Massachusetts’ low uninsured rate has political implications


Massachusetts has the lowest rate of residents without health insurance of any state in the US.

That’s a simple fact, released this morning by the Census Bureau. But it has massive political overtones: Massachusetts has a health insurance system that is the basis of Obamacare. And that system – including an individual mandate – was implemented under Republican presidential candidate Mitt Romney when he was governor of Massachusetts.

To put the estimates in perspective, 5.2 percent of Massachusetts residents were uninsured in 2010, the year the Census stats are based on. New York, which has relatively strong public insurance programs and laws aimed at giving citizens access to insurance, has an uninsured rate of 13.7 percent. (In Monroe County, 10 percent of residents are uninsured.)

The Census Bureau statistics don’t address how many of the insured residents in any state – 86.3 percent of New Yorkers and 94. 8 percent of Massachusetts residents – are underinsured.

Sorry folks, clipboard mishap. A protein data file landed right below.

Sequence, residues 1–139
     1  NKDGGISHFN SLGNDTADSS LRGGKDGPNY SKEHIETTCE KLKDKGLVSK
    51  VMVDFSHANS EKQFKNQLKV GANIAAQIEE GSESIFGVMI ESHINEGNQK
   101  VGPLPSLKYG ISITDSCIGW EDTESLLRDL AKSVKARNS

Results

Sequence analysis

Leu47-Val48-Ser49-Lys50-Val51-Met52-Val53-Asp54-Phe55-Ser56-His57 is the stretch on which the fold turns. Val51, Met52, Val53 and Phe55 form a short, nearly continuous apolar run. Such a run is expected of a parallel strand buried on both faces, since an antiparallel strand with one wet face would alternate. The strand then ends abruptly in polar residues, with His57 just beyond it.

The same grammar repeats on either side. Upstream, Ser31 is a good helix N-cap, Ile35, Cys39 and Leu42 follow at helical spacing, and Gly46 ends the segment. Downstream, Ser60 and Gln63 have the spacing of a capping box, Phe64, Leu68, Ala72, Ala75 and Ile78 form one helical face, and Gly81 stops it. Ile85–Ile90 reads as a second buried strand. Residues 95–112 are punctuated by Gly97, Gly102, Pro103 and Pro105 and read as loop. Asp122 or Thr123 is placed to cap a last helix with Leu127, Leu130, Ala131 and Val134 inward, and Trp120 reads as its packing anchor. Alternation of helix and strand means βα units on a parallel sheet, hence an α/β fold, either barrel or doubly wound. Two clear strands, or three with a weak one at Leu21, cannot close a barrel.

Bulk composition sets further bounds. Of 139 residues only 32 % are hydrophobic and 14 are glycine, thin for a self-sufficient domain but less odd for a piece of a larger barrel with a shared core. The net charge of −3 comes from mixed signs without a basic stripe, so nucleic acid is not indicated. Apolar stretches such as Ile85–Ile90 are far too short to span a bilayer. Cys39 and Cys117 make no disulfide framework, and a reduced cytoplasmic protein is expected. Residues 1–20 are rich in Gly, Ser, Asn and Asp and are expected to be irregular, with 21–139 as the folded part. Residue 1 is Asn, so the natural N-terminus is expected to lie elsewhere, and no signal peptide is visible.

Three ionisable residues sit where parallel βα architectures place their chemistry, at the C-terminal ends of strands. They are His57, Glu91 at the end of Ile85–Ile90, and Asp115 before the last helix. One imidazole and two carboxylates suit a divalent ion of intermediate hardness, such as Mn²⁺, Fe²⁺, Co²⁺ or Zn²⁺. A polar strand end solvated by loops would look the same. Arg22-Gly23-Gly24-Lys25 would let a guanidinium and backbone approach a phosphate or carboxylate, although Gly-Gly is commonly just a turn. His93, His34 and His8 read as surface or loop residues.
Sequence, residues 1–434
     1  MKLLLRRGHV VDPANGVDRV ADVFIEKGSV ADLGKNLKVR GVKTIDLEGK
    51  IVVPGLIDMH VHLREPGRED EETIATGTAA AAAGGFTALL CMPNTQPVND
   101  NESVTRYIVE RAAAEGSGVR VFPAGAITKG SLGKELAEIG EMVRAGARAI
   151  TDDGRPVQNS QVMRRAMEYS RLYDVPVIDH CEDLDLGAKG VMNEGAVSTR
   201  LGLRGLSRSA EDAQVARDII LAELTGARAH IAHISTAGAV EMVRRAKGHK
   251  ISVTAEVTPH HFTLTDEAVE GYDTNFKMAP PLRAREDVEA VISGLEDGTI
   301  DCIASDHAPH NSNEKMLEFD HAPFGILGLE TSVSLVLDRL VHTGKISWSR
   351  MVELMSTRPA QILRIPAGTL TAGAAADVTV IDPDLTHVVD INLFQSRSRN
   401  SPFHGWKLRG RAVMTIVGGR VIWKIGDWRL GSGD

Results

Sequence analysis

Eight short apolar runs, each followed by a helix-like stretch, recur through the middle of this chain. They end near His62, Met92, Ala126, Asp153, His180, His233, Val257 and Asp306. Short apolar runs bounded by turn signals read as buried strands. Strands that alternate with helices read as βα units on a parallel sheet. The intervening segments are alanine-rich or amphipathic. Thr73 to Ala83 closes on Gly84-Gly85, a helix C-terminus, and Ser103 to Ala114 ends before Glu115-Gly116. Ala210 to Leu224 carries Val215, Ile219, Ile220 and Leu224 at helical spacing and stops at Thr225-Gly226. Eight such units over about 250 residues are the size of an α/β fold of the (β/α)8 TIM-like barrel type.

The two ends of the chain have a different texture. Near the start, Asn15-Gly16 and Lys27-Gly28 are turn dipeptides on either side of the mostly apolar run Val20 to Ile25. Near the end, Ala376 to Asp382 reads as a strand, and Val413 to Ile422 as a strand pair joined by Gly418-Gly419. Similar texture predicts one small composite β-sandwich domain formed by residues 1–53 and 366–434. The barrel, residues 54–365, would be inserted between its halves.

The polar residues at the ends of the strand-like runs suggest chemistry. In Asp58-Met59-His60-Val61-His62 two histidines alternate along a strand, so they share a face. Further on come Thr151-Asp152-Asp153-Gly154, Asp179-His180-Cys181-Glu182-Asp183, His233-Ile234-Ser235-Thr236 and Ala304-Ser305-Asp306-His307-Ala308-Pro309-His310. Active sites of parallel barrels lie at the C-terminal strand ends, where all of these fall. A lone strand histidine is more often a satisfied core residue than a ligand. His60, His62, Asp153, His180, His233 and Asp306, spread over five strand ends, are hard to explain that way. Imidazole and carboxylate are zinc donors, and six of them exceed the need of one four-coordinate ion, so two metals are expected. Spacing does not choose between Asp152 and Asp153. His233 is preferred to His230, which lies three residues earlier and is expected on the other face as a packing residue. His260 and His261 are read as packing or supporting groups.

Expect the Congressional and presidential candidates, as well as media pundits, to make a lot of fuss over these figures, particularly the Massachusetts numbers. They’re a key metric and an essential aspect of the broader healthcare debate.

Mitt Romney’s health-care plan gave his state the nation’s best rate of insurance coverage. PHOTO COURTESY DAVE DELAY


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